In addition, we note that the United States Supreme Court in Oliver v. United States, when determining whether “no trespassing” signs created a legitimate expectation of privacy in open fields when there would otherwise be no expectation of privacy stated, “Certainly the Framers did not intend that the Fourth Amendment should shelter criminal activity wherever persons with criminal intent choose to erect barriers and post ‘No Trespassing’ signs.” Oliver, 466 U.S. at 183 n.13. Even under the Jardines search test, which focuses more on trespass law than on expectation of privacy, the officers’ actions in merely conducting a “knock and talk” would not be proscribed as a warrantless search. See Jardines, 1415-18 (ruling that bringing a drug-sniffing canine into defendant’s curtilage objectively demonstrated that the police were intruding upon a constitutionally protected area to search, not merely conducting a “knock and talk”). “The law of trespass generally gives members of the public a license to use a walkway to approach the front door of a house and to remain there for a brief time.” Id. at 1420 (Alito, J., dissenting). Consequently, if the officers’ actions were not a search, then the Fourth Amendment protections would not apply.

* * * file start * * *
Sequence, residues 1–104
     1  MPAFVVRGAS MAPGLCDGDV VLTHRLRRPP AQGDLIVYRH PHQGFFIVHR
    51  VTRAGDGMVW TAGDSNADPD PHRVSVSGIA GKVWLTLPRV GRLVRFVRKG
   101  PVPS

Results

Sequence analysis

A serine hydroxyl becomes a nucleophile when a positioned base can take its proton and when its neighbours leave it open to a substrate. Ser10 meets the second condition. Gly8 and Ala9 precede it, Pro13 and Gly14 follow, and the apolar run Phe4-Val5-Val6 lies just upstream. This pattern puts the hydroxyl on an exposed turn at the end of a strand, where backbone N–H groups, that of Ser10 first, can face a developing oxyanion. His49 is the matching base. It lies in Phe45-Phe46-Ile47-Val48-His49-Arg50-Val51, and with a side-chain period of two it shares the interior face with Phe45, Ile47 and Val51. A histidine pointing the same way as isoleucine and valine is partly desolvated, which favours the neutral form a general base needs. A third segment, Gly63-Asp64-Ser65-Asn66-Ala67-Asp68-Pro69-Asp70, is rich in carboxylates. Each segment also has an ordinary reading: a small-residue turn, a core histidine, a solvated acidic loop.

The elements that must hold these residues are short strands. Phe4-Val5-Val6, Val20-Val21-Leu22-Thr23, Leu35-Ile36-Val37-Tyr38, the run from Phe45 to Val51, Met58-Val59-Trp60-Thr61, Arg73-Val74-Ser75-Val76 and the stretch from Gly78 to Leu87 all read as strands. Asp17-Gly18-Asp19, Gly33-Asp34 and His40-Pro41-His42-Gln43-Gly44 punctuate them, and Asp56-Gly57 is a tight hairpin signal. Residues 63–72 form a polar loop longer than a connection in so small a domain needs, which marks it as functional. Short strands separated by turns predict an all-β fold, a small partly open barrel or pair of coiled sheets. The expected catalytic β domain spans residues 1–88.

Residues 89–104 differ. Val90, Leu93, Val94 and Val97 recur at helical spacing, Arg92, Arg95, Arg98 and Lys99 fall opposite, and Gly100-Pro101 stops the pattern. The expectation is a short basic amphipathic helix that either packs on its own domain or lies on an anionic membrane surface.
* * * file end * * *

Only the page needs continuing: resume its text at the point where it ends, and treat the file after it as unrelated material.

Taking all of these cases into consideration, the emerging rule appears to be that the implied invitation of the front door can be revoked but that the revocation must be obvious to the casual visitor who wishes only to contact the residents of a property. See State v. Grice, 767 S.E.2d 312, 319 (N.C. 2015) (“The implicit license enjoyed by law enforcement and citizens alike to approach the front doors of homes may be limited or rescinded by clear demonstrations by the homeowners and is already limited by our social customs.”). Thus, in this case, we must determine whether a small sign reading “no trespassing[,] hunting[,] or fishing,” posted in a field next to appellant’s driveway that is difficult to see when driving down the driveway, as evidenced by the “dashcam” video presented in this case, is sufficient to revoke the implied invitation.5 Several courts when ruling on this issue have noted that such a sign, especially on a rural property, is generally intended to prevent people from unauthorized use of the property, not to prevent a casual visitor from approaching the residence. See, e.g., U.S. v. Ventling, 678 F.2d 63, 66 (8th Cir. 1982); Michel, 961 P.2d at 438. ….